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Greg Fleming talks about the top contenders for this year’s Ngaio Marsh crime fiction award


In my three years as one of the judges for the Ngaio Marsh awards (two as long-list judge, this year as one of the internatio­nal judges), I’ve seen first-hand the growing strength and vitality of New Zealand crime fiction.

Indeed, the Ngaios’ 10th season is shaping up to be one of the strongest fields yet. The award’s namesake, Dame Ngaio Marsh, is even nominated thanks to Stella Duffy’s ingenious collaborat­ion, completing one of the late thriller queen’s unfinished manuscript­s.

But Dame Fiona Kidman’s This Mortal Boy, based on Auckland’s 1950s Jukebox Killer case, has to be one of the favourites. The novel took out the fiction award at this year’s Ockham Book Awards and, like another novel on the long list, Jen Shieff’s The Vanishing Act, set in 1960s’ Auckland, casts a questionin­g eye on moral prejudices in our not-too-distant past.

Another strong contender is a book that’s already won Scottish Crime Novel of the Year — and is shortliste­d for other overseas crime awards — Liam Mcilvanney’s late-60s Glasgow noir The Quaker, based on the real-life — and still unsolved — Bible John killings.

Other novels, like Nikki Crutchley’s No

One Can Hear You and Ben Sanders’

The Stakes, didn’t get the attention they deserved when first published and, along with the excellent and internatio­nally marketed debut Call Me Evie from young Bay of Plenty writer J.P. Pomare, make this year a tough one for the judges.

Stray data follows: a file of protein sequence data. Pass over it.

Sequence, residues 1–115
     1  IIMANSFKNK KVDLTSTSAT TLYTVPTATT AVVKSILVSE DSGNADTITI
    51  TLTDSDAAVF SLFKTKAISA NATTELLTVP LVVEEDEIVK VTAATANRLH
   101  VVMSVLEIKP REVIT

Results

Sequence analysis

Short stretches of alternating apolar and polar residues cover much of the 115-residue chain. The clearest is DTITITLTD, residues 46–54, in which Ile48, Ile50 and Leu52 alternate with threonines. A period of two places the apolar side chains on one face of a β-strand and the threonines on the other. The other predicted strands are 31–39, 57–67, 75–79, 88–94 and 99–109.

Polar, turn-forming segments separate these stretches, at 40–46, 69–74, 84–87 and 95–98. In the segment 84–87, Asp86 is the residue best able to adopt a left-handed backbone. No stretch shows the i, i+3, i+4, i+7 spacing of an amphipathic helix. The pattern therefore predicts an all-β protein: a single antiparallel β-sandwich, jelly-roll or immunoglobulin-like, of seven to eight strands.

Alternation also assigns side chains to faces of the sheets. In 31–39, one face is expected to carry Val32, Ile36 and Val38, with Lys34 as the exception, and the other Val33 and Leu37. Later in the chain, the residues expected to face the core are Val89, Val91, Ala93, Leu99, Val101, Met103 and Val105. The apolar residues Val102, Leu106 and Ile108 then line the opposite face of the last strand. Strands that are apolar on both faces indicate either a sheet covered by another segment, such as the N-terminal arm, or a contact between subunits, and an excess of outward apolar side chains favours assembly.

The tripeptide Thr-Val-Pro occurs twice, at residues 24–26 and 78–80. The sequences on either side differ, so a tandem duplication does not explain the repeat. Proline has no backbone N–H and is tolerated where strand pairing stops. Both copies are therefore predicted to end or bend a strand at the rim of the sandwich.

Awards’ convener Craig Sisterson believes there are many talking points about this year’s long list, chief among them the Dame vs Dame battle. Many of the “usual suspects”, stalwarts of the Ngaios in its early years — writers like Paul Cleave, Vanda Symon, Paddy Richardson, Paul Thomas and Alix Bosco — are absent this year, so the field is wide open.

Then there’s a newer developmen­t in that there are also three Young Adult novels in contention this year, by Brian Falkner, Tina Shaw and Ella West. Sisterson admits their inclusion presents judges with a challenge.

“When you’re splitting hairs between quality stories, the connection to a story can be important. I have a lot of faith in our internatio­nal judging panel though — they’re all true book lovers as well as crime and thriller aficionado­s. I trust them to weigh up what makes a ‘best novel’ for them,” he says.

“We’ve always had some really great children’s and Young Adult authors in New Zealand, and I’m excited that some of them are choosing to write crime, mystery and thriller tales. We did ponder adding a YA/ Juvenile category to the awards this year because there were so many good YA entries [about a dozen] and may do so in future. I hope this will be the start of a trend rather than a one-off surge.

“Since our first year back in 2010, we’ve always had some overseas exposure with

When you’re splitting hairs between quality stories, the connection to a story can be important.

the Ngaios, as we had internatio­nal judges who were entrenched in their local crime writing communitie­s, for example, former Telegraph reviewer and award-winning comic crime writer Mike Ripley in the UK and Crime Writers Canada vice-president and mystery author Lou Allin.

“We’re seeing more Kiwi crime writers appearing at overseas books festivals in recent years, which is terrific. Last year we had three Ngaio winners onstage together at Bloody Scotland [Paul Cleave, Fiona Sussman, and Liam Mcilvanney] alongside Denise Mina, which was a pretty cool moment.”

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